In Canada, the trail running across the foot of this face would have been made by deer, but in Iceland it’s made by sheep.
In Canada, this would be called wild land. In Iceland, it’s a farm. It is an intimate social and political space that turns wildness into civil life. In Canada, that is done as either an industrial or an aesthetic experience, capitalized and individual. Here it is just common space. In other words, this stretch of the Bessastaðaá is a city.
If “wild” reindeer, a non-native species in Iceland, have naturalized by colonizing farmer’s fields…
The Englightenment in Iceland
… does that means that farmers in Iceland are wild mammals, too? Maybe, eh. Maybe, indeed.
A veit is a vein. It is a space of the blood pounding in your ears, the loneliness you feel when you are alone, and the connectivity bound to that. If you are alone in the earth and connected to it, you are the earth. You are huge, and walk through yourself. Welcome to Myvatnsveit.This is the most beautiful Iceland of all, a place between other places, a place that is, in other words, not a place but a spreading expanse of time, which does not exist, between places, where humans can settle. You can’t settle in a vein. You can only walk, or drive, or die. A vein is the same space within your body: a place between, where travel takes place. We need veits (wide-ness, vistas, and their winds. Only here …… can you find yourself.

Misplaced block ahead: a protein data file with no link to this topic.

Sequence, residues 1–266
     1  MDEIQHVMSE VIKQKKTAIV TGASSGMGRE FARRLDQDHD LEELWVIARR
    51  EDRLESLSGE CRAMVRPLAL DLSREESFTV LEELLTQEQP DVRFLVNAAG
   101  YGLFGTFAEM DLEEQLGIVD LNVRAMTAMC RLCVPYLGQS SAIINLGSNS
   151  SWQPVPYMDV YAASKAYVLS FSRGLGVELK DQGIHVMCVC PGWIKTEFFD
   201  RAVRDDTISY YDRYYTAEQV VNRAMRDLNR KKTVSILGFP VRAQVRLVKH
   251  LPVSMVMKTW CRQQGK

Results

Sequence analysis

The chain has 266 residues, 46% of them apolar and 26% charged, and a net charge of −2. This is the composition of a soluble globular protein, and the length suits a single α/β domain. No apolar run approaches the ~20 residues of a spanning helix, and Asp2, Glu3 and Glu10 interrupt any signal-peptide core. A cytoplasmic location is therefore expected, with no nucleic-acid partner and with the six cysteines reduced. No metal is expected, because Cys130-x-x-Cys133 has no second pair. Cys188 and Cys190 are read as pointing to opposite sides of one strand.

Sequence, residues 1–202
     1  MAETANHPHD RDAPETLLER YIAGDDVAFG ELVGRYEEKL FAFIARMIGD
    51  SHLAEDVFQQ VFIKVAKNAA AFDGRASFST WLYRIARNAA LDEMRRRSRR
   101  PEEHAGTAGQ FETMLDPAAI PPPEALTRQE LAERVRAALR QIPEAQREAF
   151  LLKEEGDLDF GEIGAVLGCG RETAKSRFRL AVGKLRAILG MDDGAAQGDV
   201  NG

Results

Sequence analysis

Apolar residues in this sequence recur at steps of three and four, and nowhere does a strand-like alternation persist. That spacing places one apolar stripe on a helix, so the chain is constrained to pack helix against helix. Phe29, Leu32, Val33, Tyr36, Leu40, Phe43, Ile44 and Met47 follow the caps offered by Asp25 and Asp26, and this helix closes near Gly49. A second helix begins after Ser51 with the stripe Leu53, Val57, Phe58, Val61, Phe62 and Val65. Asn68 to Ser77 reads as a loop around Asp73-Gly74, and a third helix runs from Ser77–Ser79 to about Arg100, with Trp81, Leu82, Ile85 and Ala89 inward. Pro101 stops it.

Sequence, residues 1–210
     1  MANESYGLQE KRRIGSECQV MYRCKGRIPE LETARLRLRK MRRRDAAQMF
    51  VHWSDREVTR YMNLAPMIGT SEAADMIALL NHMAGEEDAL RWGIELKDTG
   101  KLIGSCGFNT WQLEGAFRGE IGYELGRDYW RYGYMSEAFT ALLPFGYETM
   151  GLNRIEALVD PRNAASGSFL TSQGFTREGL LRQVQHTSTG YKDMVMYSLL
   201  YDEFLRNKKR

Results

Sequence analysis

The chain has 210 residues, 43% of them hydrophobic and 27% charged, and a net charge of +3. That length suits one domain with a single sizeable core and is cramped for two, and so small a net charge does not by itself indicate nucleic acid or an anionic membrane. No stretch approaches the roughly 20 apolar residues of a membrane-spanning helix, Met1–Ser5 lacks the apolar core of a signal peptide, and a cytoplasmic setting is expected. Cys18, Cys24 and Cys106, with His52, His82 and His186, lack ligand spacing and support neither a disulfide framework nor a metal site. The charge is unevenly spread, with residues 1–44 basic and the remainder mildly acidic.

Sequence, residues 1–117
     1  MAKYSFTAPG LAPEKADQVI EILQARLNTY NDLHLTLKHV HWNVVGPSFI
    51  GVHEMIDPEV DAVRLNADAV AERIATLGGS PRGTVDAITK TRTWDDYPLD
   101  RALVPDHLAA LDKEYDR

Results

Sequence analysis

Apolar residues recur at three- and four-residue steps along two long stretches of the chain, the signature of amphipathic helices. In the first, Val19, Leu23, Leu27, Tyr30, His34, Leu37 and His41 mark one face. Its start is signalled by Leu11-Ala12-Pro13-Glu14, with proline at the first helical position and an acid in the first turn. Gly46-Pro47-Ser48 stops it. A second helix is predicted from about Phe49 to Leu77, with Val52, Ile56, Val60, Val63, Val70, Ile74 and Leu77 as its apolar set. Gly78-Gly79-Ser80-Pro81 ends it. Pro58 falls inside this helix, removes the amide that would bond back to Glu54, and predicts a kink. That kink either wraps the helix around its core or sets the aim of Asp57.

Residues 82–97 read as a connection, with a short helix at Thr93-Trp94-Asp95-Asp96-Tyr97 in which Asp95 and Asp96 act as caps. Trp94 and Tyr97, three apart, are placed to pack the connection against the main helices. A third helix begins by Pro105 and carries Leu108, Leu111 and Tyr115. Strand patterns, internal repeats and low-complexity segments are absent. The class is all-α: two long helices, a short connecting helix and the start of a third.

Or get lost. Although it follows the land, the road is not the map.
Iceland is not wild. That’s the point. These reindeer in the East were introduced. In keeping with the gesture, they do prefer farmer’s fields over mountain heights.
I think that means that farms are wild in Iceland: not yet domesticated. Let it remain so.